April 22, 2020
Green energy, or renewable energy, and materials are or at least should be at the top of everyone's list when it comes to home improvement, not only for the sake of their own domestic fuels bills but for the sake of the planet. The adoption of energy saving technologies and changes in behaviour can reduce the "carbon footprint" - the amount of carbon dioxide (CO2) and other greenhouse gases produced by burning fossil fuels, etc. Research from www.andalastourism.com site of an average home by anything up to 40%.
It is now possible to obtain electricity that is 100% renewable by switching to a specialist supplier but there are other changes, large and small, that you can make to improve the energy efficiency of your home. Improving loft or cavity wall insulation, for example, or fitting thermostatic radiator valves or energy efficient light bulbs need not be expensive and there are grants and offers available to ease the cost still further. Larger projects, such as solar panels, or wind turbines are more expensive and require more forethought in terms of the location of your home, etc. but can, nevertheless, slash your annual fuel bills and carbon footprint and often pay for themselves within a few years. Even on a small scale such systems can be used to generate electricity for lighting in your home or garden or for charging mobile phones.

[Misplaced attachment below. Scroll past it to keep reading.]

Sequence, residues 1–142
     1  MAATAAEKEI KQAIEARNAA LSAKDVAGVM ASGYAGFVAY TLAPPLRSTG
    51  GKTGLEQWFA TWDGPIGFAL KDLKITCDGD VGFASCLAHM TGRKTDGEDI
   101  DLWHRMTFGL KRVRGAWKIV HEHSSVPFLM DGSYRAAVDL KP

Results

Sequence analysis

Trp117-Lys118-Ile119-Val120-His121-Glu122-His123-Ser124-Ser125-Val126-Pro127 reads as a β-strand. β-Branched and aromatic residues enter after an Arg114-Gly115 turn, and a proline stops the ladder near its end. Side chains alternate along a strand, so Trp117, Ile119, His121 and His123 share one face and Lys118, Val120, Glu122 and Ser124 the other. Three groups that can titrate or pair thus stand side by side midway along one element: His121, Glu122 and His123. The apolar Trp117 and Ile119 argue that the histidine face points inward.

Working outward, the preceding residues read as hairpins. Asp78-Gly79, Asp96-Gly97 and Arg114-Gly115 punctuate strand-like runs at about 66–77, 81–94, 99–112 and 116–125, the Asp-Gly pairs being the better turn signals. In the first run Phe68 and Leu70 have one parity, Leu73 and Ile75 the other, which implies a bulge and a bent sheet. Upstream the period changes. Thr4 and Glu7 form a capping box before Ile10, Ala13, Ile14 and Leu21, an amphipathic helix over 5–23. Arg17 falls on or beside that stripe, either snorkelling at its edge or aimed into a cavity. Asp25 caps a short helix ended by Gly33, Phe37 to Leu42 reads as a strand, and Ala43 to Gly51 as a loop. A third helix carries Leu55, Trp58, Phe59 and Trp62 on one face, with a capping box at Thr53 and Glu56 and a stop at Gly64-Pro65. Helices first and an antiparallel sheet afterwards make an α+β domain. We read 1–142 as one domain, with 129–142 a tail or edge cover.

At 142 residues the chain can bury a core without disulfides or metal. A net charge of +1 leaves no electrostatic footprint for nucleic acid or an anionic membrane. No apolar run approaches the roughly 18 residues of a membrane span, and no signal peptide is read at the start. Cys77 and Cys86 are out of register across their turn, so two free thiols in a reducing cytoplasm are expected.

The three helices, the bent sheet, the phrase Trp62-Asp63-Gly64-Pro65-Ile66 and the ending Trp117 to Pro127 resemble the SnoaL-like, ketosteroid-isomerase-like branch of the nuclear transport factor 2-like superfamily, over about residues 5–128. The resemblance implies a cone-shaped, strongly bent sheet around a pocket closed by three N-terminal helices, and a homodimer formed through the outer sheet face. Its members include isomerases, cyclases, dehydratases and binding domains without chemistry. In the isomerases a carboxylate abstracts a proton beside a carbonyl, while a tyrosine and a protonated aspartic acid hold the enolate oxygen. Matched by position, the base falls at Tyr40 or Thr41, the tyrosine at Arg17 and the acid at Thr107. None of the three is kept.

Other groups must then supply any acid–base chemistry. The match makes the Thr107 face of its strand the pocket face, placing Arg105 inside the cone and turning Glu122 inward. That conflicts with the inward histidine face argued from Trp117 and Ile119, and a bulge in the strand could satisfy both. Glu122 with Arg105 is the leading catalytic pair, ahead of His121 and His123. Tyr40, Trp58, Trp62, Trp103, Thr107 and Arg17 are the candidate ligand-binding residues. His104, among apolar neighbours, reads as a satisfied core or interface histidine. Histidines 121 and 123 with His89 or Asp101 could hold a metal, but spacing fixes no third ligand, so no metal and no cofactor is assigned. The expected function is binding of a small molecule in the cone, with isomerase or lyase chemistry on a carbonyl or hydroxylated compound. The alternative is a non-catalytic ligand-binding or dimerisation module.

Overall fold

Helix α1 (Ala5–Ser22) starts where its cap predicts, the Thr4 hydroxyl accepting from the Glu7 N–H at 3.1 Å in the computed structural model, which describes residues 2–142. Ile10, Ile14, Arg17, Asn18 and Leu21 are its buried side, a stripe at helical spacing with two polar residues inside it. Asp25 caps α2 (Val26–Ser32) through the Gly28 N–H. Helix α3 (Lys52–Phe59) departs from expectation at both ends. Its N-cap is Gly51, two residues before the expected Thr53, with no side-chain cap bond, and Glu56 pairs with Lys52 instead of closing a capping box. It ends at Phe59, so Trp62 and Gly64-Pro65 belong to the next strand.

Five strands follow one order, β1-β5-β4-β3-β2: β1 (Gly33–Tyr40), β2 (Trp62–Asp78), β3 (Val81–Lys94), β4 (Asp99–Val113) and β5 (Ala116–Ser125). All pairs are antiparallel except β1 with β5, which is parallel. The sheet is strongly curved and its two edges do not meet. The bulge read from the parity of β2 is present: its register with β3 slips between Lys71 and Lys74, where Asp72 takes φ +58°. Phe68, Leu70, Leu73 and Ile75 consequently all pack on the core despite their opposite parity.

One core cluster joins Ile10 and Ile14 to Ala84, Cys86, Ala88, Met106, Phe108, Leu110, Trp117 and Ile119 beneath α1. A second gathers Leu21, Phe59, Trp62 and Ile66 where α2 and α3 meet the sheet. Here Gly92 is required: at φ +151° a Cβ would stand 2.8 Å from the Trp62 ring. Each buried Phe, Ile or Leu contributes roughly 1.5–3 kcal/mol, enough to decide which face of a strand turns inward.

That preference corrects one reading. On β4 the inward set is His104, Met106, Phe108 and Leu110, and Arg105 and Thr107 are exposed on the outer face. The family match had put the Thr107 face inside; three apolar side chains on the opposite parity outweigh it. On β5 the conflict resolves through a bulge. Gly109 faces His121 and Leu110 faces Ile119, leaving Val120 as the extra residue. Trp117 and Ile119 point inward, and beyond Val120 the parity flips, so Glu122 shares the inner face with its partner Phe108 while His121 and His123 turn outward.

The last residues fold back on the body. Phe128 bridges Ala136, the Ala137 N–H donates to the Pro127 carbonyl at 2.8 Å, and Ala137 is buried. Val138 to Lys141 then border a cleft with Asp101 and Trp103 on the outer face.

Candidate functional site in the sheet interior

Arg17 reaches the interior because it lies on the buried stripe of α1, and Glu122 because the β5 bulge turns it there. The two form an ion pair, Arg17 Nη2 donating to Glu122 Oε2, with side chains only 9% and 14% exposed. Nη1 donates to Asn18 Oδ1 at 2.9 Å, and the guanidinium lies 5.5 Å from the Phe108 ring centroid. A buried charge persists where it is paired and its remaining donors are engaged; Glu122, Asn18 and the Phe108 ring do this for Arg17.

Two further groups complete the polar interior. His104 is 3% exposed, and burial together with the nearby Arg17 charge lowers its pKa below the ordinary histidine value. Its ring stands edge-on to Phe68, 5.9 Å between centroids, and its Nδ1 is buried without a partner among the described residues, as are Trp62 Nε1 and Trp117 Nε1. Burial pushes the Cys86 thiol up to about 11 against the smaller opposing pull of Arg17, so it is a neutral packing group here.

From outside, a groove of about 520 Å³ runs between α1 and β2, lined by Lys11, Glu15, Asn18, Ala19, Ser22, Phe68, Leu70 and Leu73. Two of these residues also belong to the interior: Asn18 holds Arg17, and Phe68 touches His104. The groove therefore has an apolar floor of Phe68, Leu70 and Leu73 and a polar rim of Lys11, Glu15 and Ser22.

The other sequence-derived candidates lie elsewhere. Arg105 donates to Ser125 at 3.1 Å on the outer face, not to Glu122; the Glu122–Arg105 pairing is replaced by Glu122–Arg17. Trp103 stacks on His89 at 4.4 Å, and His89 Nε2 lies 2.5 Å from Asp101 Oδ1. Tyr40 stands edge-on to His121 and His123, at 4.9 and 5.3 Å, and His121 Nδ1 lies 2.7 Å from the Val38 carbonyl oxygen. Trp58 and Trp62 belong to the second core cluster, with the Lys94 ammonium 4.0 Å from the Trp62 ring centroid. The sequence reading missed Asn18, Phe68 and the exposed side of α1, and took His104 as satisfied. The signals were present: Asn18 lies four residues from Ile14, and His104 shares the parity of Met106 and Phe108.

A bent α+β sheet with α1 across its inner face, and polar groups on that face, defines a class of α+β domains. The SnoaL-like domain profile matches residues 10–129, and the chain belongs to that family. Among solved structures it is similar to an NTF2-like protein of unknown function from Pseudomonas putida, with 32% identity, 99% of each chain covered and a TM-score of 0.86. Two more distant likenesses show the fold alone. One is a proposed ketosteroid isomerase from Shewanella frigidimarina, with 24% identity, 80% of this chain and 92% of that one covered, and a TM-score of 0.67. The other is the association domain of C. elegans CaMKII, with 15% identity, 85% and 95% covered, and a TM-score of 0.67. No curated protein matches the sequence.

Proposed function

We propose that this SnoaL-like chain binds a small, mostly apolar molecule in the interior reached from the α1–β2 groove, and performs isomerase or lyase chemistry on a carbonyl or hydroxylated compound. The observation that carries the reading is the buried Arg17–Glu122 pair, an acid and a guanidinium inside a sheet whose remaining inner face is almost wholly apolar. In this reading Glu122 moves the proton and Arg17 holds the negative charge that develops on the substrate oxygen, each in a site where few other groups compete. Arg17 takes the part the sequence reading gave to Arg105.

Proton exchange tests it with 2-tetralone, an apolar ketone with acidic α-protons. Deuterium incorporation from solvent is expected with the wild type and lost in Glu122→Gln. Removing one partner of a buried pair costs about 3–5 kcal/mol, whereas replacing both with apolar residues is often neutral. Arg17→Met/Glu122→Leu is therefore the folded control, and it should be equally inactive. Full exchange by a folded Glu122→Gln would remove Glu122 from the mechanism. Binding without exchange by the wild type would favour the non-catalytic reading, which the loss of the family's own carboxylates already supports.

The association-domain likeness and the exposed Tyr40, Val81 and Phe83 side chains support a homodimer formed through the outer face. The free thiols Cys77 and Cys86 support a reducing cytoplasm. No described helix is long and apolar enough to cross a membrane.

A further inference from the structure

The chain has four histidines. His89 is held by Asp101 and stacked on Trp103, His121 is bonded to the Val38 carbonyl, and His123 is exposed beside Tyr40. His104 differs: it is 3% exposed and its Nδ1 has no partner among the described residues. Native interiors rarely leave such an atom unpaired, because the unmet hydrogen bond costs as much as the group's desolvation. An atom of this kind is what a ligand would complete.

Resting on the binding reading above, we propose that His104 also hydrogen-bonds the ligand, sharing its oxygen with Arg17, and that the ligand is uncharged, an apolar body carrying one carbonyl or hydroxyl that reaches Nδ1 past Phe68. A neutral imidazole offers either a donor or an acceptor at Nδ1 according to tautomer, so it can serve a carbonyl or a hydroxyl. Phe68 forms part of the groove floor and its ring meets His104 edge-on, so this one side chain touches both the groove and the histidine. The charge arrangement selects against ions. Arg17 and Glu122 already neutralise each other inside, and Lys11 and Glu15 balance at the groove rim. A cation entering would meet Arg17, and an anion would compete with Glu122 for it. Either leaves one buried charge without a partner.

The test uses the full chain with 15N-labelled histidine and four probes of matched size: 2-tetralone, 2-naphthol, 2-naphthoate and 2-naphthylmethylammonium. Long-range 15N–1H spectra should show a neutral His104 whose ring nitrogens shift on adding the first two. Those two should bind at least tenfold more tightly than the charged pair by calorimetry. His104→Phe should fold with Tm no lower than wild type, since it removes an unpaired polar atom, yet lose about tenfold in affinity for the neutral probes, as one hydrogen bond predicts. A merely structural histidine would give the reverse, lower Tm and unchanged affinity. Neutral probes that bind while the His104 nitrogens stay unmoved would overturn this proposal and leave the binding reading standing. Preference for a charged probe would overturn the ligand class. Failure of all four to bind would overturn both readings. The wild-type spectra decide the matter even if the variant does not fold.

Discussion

The state of the British housing market - a further fall of 1% in the price of an average residential dwelling in January contributed to a fall of nearly 10% year-on-year according to recent figures - precludes moving home for many homeowners. Families grow, nevertheless, and the emphasis in the immediate future is likely to be on maximising the space available in, or adding space to, existing homes.
A garage conversion, for example - whether you choose a DIY approach or employ a specialist company to complete the work for you - can be an affordable way of adding living space, and value, to your home. You may, for example, want to create an extra bedroom, or a home office, or even a dedicated home cinema.
A loft conversion, similarly, can add an extra bedroom, or bathroom, or both, and anything up to 20% to the value of your property. If you are planning to sell your home when the market recovers, however, prospective buyers may find a permanent solution more attractive than a retractable loft ladder, and Velux® roof windows.
Bear in mind that older properties - built in the early Seventies or before - may require less structural work than newer properties and clearance of 7Â½' is required for a ceiling at standard height. If headroom is an issue, dormer windows - gabled windows that extend above the height of the original roof - may be a possibility, subject to planning, building, and fire safety, regulations.
If you are in any doubt about planning permission, etc., contact your local planning office or at https://www.jasmerah.net site. If you are considering an extra bathroom in your loft spaceyou also need to consider the location of soil pipes and the capacity of your existing heating and hot water system.
If you have a growing family or a home office -whether it be in the corner of a living room or bedroom or in a box room as is often the case - or both - you may well find that storage space soon becomes an issue.